Q1 Auto Sales Up Overall, Challenges Remain


q1 auto sales up overall challenges remain

It’s become a fool’s errand to blithely quote gain/loss percentages in terms of car sales in America, given the wild supply chain swings and other market forces over the last few years. Yelling that the Corolla was up 65 percent in March helps no one in a vacuum, though if any of our readers are in a vacuum at the present moment we encourage them to seek assistance from the Bridge or Main Engineering.

It also doesn’t help that carmakers now tend to release sales numbers when they bloody well feel like it, a far cry from the monthly reports we used to get pre-Covid. If one were to look far enough into history, they’d find reports every 10 days. Now, some companies even play fast and loose with quarterly reporting, meaning the headline of ‘up overall’ excludes numbers from at least one big player.

But for those who do deem us worthy of attention, there is much to parse. Overall sales across The General’s quartet of brands were off by 1.5 percent to 590,055 last quarter compared to the same time frame last year. Buick carried the weight, adding an extra 6,000 units to the tally compared to the previous annum; without the Tri-Shield brand, GM would have been down about 3 percent. GM attributes the drop to fewer fleet sales and claims retail deliveries were up slightly.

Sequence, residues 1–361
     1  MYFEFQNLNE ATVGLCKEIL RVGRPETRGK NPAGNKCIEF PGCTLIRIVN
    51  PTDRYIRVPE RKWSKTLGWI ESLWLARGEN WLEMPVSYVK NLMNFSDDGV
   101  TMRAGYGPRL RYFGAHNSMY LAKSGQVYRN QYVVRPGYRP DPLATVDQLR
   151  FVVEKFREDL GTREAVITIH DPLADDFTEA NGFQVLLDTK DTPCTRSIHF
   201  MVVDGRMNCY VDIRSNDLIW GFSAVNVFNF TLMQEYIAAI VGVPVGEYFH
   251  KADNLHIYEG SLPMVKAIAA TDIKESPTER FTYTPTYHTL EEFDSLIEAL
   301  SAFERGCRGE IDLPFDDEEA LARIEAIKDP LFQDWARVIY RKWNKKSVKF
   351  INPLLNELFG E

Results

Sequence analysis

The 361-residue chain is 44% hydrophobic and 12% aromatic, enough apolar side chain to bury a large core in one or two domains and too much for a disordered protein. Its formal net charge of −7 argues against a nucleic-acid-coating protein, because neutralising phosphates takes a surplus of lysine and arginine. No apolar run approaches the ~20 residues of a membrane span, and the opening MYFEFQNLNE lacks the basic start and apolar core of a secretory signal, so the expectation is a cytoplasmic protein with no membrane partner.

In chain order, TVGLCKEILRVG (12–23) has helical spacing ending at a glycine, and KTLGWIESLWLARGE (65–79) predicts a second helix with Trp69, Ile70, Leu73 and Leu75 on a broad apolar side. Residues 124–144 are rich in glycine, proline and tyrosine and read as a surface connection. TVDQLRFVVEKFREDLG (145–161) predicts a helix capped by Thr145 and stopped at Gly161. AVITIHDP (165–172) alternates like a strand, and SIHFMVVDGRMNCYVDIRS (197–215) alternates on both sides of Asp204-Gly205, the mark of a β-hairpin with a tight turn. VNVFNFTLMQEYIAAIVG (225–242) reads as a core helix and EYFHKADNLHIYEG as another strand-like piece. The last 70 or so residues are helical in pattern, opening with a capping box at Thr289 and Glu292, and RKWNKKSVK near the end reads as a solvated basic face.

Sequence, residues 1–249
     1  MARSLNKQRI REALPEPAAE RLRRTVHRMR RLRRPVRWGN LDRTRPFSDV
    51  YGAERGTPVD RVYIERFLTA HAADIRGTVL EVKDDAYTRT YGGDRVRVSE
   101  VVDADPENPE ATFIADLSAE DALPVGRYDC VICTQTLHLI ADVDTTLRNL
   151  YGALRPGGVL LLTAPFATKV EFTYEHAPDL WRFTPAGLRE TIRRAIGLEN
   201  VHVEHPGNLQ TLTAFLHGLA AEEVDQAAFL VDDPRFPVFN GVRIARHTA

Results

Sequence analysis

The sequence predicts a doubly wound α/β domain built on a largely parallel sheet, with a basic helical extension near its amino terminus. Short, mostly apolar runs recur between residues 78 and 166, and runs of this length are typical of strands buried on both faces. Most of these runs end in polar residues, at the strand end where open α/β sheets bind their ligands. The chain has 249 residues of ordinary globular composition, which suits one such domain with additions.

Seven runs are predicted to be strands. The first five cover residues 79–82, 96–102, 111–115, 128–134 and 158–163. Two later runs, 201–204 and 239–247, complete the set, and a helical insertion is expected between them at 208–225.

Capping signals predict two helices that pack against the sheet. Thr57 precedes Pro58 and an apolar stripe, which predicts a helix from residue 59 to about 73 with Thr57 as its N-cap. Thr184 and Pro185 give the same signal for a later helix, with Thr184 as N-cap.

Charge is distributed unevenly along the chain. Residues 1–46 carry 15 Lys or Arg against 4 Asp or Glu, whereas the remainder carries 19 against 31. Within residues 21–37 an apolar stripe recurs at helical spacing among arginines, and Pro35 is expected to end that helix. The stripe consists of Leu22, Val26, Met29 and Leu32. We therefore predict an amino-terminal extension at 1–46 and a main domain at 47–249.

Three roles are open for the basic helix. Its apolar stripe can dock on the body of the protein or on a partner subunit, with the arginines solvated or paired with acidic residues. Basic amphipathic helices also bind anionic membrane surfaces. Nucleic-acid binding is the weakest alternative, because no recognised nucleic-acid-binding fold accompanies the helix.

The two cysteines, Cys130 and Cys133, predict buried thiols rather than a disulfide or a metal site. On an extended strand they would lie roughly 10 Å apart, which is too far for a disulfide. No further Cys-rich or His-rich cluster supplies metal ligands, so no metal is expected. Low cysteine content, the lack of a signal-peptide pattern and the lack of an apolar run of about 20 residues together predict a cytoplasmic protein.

The combined might of Honda and Acura counted for 333,824 sales while Lexus and Toyota claimed 565,098 new customers. Those numbers are double digit jumps from last year but again, we caution reading too much into year-over-year results since supply was very constricted in the recent past. The percentage gap in sales between the two Japanese powerhouses are roughly the same this year and last, which is telling.

Recognizing some major brands – ahem, Ford – have yet to rise off their duffs and report numbers as of this writing, the American car industry was up about 8 percent through the first quarter of 2024, notching 2.6 million sales. If the picture drastically changes once Dearborn finally saves their Excel file to a Windows 3.1-compatible floppy disk, we’ll update this post.

[Image: Chevrolet]

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